Will Trump’s Tough Talk on Pakistan Yield Results?

By Bennett Seftel

Bottom Line: U.S. President Donald Trump has threatened to cut off aid to Pakistan to force Islamabad to take a harder line on terrorism. But in the past decade, economic leverage over Pakistan has yielded only short-term results. The Trump administration also runs the risk of incurring consequential backlash from the Pakistani government that could complicate efforts to stabilize Afghanistan – especially as Islamabad finds public cooperation with the U.S. difficult at the best of times due to conflicting interests, coupled with the high degree of anti-American sentiment in the country.

Background: U.S aid to Pakistan dates back decades, but was ramped up following the attacks of 9/11 when Pakistan offered to support the U.S. war on terror.

  • U.S. aid to Pakistan primarily falls into three categories. The first is security assistance, which added up to $308 million in 2017. The second is economic aid, which was $223 million in 2017. Finally, Pakistan receives Coalition Support Funds (CSF) as reimbursement for operations conducted by its troops in Pakistan’s Federally Administered Tribal Areas (FATA) and elsewhere in Pakistan in support of U.S-led military operations. However, the $400 million that Pakistan was set to receive from the CSF fund was frozen by U.S. Secretary of Defense Jim Mattis in July and may not be lifted until the spring, when the Taliban typically resumes its offensives in Afghanistan, and then possibly only if the U.S. determines that Pakistan has taken concrete measures to restrict the movements of the Taliban and the Haqqani network
  • Over the last several decades, U.S aid to Pakistan has fluctuated depending on Washington’s regional objectives. For example, during the 1965 Indo-Pakistan War, the U.S. decreased its aid to Pakistan, only sending $26 million to the country. Alternatively, during the 1980s, the U.S. significantly increased its assistance to Islamabad to upwards of $5 billion as Pakistan helped funnel weapons and funds to anti-Soviet rebel fighters in Afghanistan.
  • Between 2002-2017, the U.S. provided more than $33 billion in total aid to Pakistan.
  • In August, Trump declared his intention to withhold $255 million in aid until Islamabad meets certain conditions, primarily relinquishing support for the Taliban, Haqqani network and other militant groups.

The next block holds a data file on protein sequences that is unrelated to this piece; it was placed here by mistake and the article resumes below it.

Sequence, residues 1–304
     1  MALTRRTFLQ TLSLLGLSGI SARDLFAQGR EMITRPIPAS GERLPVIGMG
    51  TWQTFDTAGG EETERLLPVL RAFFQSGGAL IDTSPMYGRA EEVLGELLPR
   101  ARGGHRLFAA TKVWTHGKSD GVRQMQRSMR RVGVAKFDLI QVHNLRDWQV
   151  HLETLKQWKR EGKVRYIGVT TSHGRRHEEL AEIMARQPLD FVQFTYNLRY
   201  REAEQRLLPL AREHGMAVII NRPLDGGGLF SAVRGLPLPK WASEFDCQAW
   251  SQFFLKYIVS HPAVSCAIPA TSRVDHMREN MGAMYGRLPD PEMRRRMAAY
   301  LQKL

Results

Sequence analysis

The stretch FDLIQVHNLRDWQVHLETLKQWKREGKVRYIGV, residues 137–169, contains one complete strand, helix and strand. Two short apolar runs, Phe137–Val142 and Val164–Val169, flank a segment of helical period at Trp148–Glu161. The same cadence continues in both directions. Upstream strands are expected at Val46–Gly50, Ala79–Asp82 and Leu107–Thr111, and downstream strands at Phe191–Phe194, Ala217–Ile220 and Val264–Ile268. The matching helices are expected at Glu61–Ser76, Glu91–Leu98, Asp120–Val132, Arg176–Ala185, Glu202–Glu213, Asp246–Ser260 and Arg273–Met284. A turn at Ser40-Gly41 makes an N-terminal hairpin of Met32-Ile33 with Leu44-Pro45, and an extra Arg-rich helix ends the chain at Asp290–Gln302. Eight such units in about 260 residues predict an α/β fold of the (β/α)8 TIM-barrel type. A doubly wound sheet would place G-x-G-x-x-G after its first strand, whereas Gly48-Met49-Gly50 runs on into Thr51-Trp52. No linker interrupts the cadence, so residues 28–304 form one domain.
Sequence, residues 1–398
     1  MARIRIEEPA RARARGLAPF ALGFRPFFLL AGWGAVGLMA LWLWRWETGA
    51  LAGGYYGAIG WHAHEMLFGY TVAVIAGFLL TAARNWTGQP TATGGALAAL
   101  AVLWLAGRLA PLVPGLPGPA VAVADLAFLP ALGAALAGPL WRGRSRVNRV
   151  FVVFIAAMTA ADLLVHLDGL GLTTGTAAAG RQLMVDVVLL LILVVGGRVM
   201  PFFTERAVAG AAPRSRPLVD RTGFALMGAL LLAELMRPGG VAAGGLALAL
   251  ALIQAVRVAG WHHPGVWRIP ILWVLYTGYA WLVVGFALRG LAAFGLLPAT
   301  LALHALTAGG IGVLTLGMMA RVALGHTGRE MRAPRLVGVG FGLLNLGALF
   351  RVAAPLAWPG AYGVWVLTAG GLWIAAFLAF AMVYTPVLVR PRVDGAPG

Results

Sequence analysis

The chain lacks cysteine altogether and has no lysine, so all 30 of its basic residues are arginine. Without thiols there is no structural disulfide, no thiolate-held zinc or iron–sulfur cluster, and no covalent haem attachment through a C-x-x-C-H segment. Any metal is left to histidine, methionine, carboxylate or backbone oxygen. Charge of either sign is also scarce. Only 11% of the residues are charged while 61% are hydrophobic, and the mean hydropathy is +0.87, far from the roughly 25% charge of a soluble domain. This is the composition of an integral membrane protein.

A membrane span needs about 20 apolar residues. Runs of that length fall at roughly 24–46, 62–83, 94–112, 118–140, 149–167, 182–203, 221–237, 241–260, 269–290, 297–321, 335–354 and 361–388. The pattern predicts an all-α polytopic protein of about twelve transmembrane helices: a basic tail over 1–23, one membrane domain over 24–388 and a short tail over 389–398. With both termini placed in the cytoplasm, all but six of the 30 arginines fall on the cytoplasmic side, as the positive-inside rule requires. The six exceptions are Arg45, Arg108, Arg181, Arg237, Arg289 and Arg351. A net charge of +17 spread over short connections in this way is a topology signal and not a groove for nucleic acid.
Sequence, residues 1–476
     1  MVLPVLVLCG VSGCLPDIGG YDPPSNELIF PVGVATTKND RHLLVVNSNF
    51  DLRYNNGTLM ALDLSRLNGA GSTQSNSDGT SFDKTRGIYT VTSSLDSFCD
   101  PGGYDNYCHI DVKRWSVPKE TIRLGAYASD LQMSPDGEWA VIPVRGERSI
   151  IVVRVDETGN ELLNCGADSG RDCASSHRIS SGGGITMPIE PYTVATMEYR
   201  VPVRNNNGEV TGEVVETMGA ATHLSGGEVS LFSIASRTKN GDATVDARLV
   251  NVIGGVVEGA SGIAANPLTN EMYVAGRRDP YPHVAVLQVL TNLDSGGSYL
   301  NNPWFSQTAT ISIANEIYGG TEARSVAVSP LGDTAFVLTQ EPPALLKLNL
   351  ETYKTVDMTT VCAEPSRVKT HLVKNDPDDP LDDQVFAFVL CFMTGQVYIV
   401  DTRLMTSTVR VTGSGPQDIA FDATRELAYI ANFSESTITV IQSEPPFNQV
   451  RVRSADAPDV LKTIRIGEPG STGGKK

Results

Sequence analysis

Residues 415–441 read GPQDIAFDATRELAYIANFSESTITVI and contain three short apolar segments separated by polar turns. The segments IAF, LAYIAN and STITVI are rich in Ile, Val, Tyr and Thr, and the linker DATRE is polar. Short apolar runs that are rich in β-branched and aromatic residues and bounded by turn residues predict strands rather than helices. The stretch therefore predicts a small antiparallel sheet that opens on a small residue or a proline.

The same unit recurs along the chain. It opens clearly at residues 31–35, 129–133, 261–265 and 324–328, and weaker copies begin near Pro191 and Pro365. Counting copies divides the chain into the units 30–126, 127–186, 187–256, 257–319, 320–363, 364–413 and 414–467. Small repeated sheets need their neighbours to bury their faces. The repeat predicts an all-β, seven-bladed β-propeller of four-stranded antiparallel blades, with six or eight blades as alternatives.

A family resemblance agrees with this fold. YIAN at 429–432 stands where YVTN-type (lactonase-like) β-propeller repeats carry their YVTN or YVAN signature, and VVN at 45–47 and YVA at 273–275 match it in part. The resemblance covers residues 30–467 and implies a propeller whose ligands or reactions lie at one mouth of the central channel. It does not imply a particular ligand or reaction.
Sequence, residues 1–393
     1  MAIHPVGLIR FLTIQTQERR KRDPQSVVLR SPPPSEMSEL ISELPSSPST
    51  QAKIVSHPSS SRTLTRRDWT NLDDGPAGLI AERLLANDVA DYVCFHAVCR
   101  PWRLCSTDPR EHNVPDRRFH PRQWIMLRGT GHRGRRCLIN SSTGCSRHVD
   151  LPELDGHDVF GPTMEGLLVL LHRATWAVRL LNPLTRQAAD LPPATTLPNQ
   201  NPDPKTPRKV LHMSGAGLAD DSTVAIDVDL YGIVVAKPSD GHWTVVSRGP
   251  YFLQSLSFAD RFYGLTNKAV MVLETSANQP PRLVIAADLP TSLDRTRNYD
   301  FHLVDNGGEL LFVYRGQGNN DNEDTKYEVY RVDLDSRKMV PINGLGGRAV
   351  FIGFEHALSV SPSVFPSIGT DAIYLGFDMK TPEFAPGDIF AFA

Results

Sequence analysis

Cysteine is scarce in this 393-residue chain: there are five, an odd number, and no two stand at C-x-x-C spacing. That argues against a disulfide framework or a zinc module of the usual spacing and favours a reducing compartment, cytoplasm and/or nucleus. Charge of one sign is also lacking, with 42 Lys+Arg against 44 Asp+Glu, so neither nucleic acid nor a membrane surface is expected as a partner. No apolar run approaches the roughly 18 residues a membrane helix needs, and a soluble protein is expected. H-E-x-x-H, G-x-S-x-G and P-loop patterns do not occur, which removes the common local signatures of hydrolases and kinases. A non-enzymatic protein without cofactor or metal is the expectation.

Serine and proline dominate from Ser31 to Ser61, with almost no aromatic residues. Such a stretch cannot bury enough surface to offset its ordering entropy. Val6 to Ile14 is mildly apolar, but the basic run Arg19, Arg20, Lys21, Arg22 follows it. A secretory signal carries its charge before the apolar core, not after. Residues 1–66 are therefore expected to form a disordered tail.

• On New Year’s Day, Trump tweeted: “The United States has foolishly given Pakistan more than 33 billion dollars in aid over the last 15 years, and they have given us nothing but lies & deceit, thinking of our leaders as fools. They give safe haven to the terrorists we hunt in Afghanistan, with little help. No more!”
  • In response, Pakistan’s Foreign Minister Khawaja Asif tweeted: “We will respond to President Trump’s tweet shortly inshallah…Will let the world know the truth..difference between facts & fiction.”
  • Pakistan’s National Security Committee (NSC) convened on Tuesday, and participants expressed “deep disappointment” at Trump’s tweet. A handout at the meeting said that Trump’s allegations were “completely incomprehensible as they contradicted facts manifestly, struck with great insensitivity at the trust between two nations built over generations, and negated the decades of sacrifices made by the Pakistani nation.”

Alex Bolling, former CIA Chief of Station

“It is very challenging to establish a quid-pro-quo relationship with Pakistan with respect to aid. The complexity of Pakistan makes it very challenging, given their internal political dynamics as well as their historical relationship with Afghanistan and the groups that are conducting cross-border activities.”

Bill Milam, former U.S. Ambassador to Pakistan

“The U.S. started withholding our goodies from Pakistan in 1965, when President Lyndon Johnson cut off most of our military assistance to Pakistan when it attacked India. We cut off most assistance, both military and aid, when President George H. W. Bush could no longer certify, as required by the 1985 Pressler Amendment, that Pakistan did not possess a nuclear device. And when those sticks didn’t work, we tried to use a huge assistance package as an irresistible carrot to get Pakistan to conform completely to our way of thinking in the fight against terrorism, including in Afghanistan. The results are clear – none of it worked. Pakistan marches to its own beat.”

Issue: The U.S. has turned to Pakistan for vital cooperation in rooting out militant groups, such as the Taliban and the Haqqani network, that regularly orchestrate violence in neighboring Afghanistan. At the same time, however, the U.S. has repeatedly accused Pakistan of harboring these groups to promote their own regional interests.

  • During the late 1970s and 1980s, Washington used Pakistan’s Inter-Services Intelligence agency (ISI) as a conduit to funnel arms and money to rebel groups fighting the Soviet Union’s invasion of Afghanistan. Following the Soviet Union’s withdrawal, however, the ISI helped support the Taliban’s rise to power in Afghanistan during the 1990s. Today, it is widely believed that the ISI continues to protect and assist the Taliban, the Haqqani network and Lashkar-e-Taiba (LeT), all designated as terrorists by the U.S. government, as part of its strategy to keep Afghanistan on unstable footing and advance its ambitions in the disputed Kashmir region bordering India and Pakistan.